One combination I am looking forward to doing more with in the future is a new .458" diameter 350-grain "Scorpion PT Gold" that Harvester Muzzleloading is looking at bringing to market. I've been loading and shooting prototypes of the big bullet in my Knight "Long Range Hunter", shooting 120-grains of Blackhorn 209, and have found one hard-hitting elk combination that shoots well under an inch at a hundred yards with regularity. While the black .50x.45 "Crush Rib" Sabot has been designed to be loaded with a .451-.452" diameter bullet, it still loads well with the .006-.007" larger diameter .458" bullet. In fact, it loads easier than Harvester Muzzleloading's competition .451-.452 bullets when using their non-ribbed sabots.



Toby Bridges

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The Scorpion PT Gold Performs The Way A Bullet Should Perform


By Toby Bridges


            Warmer than usual temperatures through the Fall of 2008 had made hunting tough.  Although on several hunts I had managed to take a couple of big adult does for the freezer, I just couldn't catch up with a decent whitetail buck.   And what made the situation especially frustrating was the fact that I was hunting with one of the most accurate muzzle-loaded rifle, scope and load combinations I had ever packed into the field.

            Through the spring and summer, I had conducted a great deal of test shooting with loads of the all new powder known as Blackhorn 209, doing the majority of that shooting with one of Knight Rifles' top-of-the-line Long Range Hunter models.  And while I loaded and shot an impressive variety of sabots and bullets, I kept coming back to one combination.  And that was Harvester Muzzleloading's 300-grain Scorpion PT Gold and Crush Rib Sabot.  No other bullet and sabot consistently punched tight hundred yard clusters as well as this copper-plated polymer-tipped spire point.

            My first hunt with the newest of Harvester Muzzleloading's electroplated bullets was during the 2006 season.  I had managed to stick with a late, and cold, muzzleloader hunt, until a nice ten-pointer stepped out at almost 200 yards.  That fall, I had been testing a new multi-reticule muzzleloader hunting scope for Hi-Lux Optics, and with a 110-grain charge of FFFg Triple Seven, I had the Knight .50 caliber Long Range Hunter regularly printing the lighter 260-grain Scorpion PT Gold inside of an inch at 100 yards.  And using the 200-yard cross-bar reticule of the scope, it was just a matter of holding "dead center" of the chest cavity and squeezing off the shot.  The sleek poly-tipped spire-point caught the deer perfectly, and the buck went down after only about a 30 yard run.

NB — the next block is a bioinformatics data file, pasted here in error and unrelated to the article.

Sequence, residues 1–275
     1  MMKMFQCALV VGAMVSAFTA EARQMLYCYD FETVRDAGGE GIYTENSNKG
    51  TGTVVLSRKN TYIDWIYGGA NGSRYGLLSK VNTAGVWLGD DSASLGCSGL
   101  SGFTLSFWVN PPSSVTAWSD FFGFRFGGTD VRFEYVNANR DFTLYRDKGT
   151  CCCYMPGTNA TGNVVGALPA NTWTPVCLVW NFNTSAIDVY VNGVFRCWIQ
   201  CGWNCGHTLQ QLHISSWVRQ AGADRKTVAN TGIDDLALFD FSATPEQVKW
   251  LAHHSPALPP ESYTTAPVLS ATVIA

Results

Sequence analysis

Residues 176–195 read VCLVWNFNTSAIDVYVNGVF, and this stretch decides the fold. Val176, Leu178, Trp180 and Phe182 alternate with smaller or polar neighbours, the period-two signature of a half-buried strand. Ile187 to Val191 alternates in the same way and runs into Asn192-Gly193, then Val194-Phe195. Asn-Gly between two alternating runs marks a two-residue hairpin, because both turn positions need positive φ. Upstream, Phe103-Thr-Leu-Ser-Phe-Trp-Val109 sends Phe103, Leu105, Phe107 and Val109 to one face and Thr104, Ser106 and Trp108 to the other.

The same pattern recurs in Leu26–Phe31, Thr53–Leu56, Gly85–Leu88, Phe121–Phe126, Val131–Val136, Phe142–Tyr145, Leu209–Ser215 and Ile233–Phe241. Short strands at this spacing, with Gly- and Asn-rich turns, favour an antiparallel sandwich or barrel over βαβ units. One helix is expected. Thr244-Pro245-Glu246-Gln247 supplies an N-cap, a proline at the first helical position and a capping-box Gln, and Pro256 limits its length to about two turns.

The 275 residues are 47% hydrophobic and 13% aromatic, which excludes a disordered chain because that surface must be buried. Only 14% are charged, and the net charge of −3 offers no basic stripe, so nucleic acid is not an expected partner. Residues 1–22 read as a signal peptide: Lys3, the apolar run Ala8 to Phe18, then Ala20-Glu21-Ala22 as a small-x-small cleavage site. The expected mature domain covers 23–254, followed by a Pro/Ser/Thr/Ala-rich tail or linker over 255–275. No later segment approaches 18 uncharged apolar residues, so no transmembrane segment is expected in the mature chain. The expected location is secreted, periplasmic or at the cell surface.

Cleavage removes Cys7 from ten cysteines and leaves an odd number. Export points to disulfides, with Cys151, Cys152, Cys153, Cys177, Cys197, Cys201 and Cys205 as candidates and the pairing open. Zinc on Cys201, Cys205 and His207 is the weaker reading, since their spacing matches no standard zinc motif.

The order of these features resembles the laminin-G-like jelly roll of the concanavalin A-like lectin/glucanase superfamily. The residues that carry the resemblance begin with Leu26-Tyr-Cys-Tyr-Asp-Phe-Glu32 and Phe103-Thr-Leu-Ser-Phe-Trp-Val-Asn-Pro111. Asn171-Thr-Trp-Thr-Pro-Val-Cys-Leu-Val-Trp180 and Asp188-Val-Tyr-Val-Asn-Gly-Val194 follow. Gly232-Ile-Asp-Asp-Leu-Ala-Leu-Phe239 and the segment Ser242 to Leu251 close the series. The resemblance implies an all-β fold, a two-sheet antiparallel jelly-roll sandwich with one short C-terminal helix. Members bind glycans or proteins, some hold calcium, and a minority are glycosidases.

For the 2007 season hunts, I'd made a few changes to what most would have considered a "perfect combo".  One was a switch to the 300-grain version of this bullet.  The other was a switch to Blackhorn 209.  In fact, I was shooting and hunting with some pre-production powder, nearly 9 months before it hit the market.  And with a 110-grain charge, it was getting the 300-grain Scorpion PT Gold out of the muzzle of the 27-inch Knight rifle barrel at 1,945 f.p.s. - with 2,521 foot-pounds of energy.   And at a hundred yards, the big bullet would often produce three-shot groups with all three holes touching.  My switch to the heavier, and slightly longer bullet was take advantage of its higher ballistic coefficient.  Through comparative shooting to determine bullet drop from 100 to 200 yards, I had determined that the 260-grain Scorpion PT Gold has a b.c. of about .220, while the 300 grain version enjoys a higher .250 to .255 b.c.